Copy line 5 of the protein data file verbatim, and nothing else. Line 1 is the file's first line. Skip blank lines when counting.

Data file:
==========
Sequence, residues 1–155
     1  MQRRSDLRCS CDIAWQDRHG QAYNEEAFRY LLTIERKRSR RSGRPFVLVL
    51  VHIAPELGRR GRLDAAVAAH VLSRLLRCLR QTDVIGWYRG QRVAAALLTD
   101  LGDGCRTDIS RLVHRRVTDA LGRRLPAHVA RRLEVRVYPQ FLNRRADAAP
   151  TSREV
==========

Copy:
   151  TSREV